TV sets were lowered for the safety demo, but for some reason the crew didn't turn them on. There was no manual safety demo, only an audio recording.
There was no drink service inflight, as we got it on the ground. No snack was served either.
The flight was quite short, and we landed in Samarkand a few minutes ahead of schedule.
The domestic terminal at Tashkent Airport
Good luck ??? what a nice slogan for an airline !!!
The coolest airport bus ever
A blanket for the passengers who will board in Samarkand
First time on an IL114, first time on a Russian jet !
I expected to fly on a YAK40, but eventually an IL114 showed up at the gate. I was a bit disappointed, but as long as I was going to fly on a Russian jet, it was fine.
Termiz is Uzbekistan's southernmost city, located right at the border with Afghanistan. HY received its first IL114 in 2003. According to what's written in the inflight magazine, those birds were made in Uzbekistan under licence from Ilyushin. Even though it's a recent plane, the cabin was already quite worn-out. The quality of the cabin fittings is definitely not the same as that of Western airliners.
The safety demonstration was performed in Ozbek and English. Most of the seats were occupied this time, and after the door was closed we made our way to the active runway. The IL114 is very noisy from inside, but I didn't care as I was extremly excited to fly on something that felt so different than a Dash 8 or an ATR.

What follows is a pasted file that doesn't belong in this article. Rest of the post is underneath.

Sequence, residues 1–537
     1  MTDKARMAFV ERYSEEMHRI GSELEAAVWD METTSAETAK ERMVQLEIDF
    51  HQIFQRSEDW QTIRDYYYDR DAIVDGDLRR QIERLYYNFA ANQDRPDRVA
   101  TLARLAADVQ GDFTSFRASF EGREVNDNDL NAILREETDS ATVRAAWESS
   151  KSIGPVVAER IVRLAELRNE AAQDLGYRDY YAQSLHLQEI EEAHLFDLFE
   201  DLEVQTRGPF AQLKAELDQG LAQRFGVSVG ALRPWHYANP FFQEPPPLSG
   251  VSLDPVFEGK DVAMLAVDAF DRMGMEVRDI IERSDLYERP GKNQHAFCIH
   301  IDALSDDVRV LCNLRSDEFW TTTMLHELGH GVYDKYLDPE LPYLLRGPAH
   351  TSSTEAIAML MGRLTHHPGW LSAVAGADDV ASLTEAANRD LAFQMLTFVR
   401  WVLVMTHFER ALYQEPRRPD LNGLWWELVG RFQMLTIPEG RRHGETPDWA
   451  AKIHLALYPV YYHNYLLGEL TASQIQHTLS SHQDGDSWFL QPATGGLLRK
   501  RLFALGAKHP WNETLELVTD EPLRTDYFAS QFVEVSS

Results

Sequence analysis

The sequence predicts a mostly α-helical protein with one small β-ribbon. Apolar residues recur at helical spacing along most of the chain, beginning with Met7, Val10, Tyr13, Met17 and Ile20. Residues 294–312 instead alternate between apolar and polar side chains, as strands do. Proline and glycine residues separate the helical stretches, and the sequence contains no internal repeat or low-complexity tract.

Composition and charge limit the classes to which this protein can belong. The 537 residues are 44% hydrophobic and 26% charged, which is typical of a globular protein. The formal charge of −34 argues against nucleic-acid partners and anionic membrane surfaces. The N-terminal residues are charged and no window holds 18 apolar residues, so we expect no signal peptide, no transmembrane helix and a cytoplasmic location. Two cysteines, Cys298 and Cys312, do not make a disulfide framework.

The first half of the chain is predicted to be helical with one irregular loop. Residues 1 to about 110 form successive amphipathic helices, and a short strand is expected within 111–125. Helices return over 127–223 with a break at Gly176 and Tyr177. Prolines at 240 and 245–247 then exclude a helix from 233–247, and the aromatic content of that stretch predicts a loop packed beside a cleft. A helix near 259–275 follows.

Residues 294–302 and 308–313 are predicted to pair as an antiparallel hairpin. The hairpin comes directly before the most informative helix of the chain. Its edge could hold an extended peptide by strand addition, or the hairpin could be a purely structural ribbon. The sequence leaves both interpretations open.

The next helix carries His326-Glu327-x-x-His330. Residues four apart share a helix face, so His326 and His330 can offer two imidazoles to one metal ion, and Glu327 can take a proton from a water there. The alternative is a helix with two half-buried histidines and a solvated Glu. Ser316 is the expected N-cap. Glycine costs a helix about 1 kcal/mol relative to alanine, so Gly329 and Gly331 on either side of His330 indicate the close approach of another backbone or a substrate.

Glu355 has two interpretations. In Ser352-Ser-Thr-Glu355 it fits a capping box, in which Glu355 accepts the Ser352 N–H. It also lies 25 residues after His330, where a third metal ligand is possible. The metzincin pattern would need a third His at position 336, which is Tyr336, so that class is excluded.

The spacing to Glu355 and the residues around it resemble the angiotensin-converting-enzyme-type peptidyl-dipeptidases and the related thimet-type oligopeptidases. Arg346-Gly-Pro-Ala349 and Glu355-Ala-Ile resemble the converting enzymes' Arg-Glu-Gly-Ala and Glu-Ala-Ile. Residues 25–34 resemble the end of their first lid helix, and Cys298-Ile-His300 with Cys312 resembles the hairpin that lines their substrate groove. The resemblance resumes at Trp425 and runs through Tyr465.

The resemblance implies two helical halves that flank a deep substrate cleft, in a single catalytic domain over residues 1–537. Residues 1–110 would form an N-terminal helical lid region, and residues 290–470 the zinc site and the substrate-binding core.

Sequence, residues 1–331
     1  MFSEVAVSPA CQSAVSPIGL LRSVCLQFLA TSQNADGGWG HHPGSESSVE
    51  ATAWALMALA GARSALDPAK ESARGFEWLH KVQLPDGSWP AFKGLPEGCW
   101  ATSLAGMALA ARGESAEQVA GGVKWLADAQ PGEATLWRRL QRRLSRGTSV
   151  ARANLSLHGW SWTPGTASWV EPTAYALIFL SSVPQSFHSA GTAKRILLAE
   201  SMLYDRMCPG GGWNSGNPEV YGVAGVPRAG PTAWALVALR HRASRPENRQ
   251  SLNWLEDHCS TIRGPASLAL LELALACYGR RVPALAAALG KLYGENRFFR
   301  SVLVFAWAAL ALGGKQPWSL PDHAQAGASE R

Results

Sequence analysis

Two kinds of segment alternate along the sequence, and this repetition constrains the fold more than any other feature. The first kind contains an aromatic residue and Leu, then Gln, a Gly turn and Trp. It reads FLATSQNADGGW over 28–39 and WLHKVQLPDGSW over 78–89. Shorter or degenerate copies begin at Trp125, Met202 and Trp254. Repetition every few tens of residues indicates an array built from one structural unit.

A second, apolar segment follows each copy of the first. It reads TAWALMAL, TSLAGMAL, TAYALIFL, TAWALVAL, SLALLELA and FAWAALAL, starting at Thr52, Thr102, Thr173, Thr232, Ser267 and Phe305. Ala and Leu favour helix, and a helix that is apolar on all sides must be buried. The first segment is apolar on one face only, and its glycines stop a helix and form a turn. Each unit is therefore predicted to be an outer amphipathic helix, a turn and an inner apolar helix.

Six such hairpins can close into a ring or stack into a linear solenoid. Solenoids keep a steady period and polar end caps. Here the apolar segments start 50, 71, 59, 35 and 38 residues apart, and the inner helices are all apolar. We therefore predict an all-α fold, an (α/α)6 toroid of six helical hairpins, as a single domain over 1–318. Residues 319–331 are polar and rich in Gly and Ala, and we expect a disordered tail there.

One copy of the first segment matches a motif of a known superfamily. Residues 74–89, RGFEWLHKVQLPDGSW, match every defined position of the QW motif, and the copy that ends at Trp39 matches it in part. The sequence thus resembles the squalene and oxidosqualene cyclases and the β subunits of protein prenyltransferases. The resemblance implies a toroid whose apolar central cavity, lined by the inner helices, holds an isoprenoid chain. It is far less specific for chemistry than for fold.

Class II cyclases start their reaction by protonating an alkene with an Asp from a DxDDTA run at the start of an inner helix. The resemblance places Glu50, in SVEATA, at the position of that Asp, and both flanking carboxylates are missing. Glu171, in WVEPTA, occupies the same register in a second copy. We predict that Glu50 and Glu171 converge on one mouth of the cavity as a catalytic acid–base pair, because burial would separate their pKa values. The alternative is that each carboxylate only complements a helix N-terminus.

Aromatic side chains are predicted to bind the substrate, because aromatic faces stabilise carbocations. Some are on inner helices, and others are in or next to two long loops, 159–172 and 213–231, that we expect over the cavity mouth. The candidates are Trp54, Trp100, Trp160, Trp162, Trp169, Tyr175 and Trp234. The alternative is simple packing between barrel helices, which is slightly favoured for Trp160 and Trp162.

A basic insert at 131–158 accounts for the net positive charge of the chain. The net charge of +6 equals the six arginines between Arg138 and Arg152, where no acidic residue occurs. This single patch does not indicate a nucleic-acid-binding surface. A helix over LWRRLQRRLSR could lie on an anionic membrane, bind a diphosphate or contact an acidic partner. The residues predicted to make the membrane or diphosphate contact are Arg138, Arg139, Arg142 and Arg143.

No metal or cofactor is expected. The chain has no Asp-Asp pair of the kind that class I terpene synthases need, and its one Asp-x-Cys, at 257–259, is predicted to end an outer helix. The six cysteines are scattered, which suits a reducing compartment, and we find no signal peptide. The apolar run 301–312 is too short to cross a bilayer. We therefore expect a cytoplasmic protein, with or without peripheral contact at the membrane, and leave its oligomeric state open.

A few minutes after we reached our cruise level, we were offered a choice of drink (sparkling water, Coke or orange juice). Once again, it seemed the crew was never taught how to smile.
Termiz Airport terminal
Walking a long way to our plane
Poor quality of the cabin fittings
Lots of small surprises in the window
This is the plane I would take to Nukus a few hours later
It's impossible to transfer directly from one domestic flight to another, so I had to gather my checked luggage from my flight from Termiz, and check it in again for my flight to Nukus. I spent a few hours waiting at a cyber-coffee near the domestic terminal. After getting in the boarding lounge, I tried to take a few pics of the tarmac but a policeman came and made me delete the pictures.
That flight was full, and boarding was a real mess. There are no jetways at the domestic terminal, so passengers are always bussed to their plane. When we arrived at the bottom of the stairs, first class passengers were called first, which means coach passengers at to wait for 10mn under the burning Uzbek sun. At least, it was for me an opportunity to admire the trijet I was about to fly in. The aircraft looked really worn-out. The paint was peeling-off, and it looked like it had been painted over 3 other layers of paint. To be honnest, I'm never afraid when I get on a plane, but the state of that one was not reassuring. The cabin looked really, really old. It was like going back in time. I was in heaven, it brought back the excitement of flying after all those flights on clean-looking but boring A320s and B737NGs.
Anyway, I finally took a window seat and waited for the boarding process to be completed. Once again, most flight attendants looked Russian, and none of them ever smiled. There was absolutely no announcement in English on that one. Not a single one. The safety demonstration was performed in Ozbek and, maybe, Russian. But no English.